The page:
Perth pt 1

Where the hell do I start? From the beginning I suppose.
After the usual 26-hour tortuous flight via Abu-dhabi and Brunei to down under, I walked through Perth airport into stifling 32 deg. heat at 9pm local time. Quite a jolt from the minus 2 deg C I'd left at Heathrow.
My friend was waiting there to meet me and led me out to her car, where the biggest cockroach I'd ever seen was sitting on it. No problem, just brush it off. Shit, they fly. Like ruddy doodlebugs. That woke me up a bit quick smart. Oh yes, I'm in Oz now. Nothing is the same over here.

The house we are staying in belongs to her daughter, and is a lovely place built of solid Jarrah wood, suspended on stilts in a large plot of land by the beach. It has been continually extended by a variety of owners, and consequently is still in a semi finished condition. There is no toilet door, just a sheet hanging on a pole across the proposed doorway, so I soon learned to whistle loudly when in attendance. There is a huge verandah at the back where we have our bbq's, and a covered terrace running all around.
For the first week here we just bummed around the local area of Perth and its surrounding suburbs, giving me an opportunity to take in some of the fabulous beaches and scenery this end of the world.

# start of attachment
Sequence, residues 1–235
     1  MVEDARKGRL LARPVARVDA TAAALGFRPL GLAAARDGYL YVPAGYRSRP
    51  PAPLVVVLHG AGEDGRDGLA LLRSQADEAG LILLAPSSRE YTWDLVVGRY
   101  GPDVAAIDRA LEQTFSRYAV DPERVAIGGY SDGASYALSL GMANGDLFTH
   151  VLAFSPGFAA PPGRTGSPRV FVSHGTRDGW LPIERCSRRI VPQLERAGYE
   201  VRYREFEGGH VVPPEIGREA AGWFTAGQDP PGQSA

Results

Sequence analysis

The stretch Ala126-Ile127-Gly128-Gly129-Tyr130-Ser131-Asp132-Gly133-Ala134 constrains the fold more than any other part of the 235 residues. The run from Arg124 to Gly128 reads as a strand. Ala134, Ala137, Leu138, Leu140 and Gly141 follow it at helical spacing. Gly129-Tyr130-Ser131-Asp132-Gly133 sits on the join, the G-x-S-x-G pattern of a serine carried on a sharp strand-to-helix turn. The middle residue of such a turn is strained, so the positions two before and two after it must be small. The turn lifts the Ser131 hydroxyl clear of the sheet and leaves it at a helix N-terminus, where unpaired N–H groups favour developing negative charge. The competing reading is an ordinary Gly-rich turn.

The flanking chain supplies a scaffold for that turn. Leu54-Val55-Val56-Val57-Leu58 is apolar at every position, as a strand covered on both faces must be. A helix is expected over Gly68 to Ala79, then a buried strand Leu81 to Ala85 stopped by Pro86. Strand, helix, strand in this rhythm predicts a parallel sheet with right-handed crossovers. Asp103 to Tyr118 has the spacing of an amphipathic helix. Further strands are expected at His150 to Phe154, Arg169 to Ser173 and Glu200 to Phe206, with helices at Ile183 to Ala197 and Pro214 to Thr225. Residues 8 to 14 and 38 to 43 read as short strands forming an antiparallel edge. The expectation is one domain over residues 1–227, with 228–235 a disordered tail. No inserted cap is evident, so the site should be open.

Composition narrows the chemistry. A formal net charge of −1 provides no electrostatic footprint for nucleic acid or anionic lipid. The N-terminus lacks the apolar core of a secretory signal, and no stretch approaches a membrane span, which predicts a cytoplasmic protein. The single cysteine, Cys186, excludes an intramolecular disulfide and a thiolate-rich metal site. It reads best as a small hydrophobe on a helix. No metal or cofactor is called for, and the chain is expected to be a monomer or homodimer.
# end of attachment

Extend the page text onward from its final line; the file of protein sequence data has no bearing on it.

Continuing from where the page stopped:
The climate in Perth around early summer is unbelievable, never getting below the low 20's at night, and rising to the high 30's in the day.
For the first week, I slept with the bedroom front shutter door wide open to the world, with only the flyscreen between us and the beautiful Southern night sky. The stars down here are awesome, and they twinkle like nowhere else I've ever seen. On my first night of arrival, we sat on the beach till nearly 3am sharing a cask of wine, and staring up at the Milky Way. Within a couple of minutes, I'd seen a shooting star, and also a Satellite slowly moving across over us.
 In the morning one gets woken up really early (4.30am) by the hordes of squawking Galas that flock around.  Quite a novelty seeing wild parrots hopping about the garden. Gives you an incentive to get up though, and take an invigorating walk along the beach before the sun really gets hot.
Sunbathing is not an option here during the day, the sunshine is so fierce after about 7.30 am, you have to cover up and splosh on as much slip, slop, slap ( oz for suntan lotion) as you can muster. Even so, I still got quite red for the first few days till I realised the error of my ways. Soon bought myself a silly hat and wrap around shades. Looked like a true blue Ossie ocker straight away.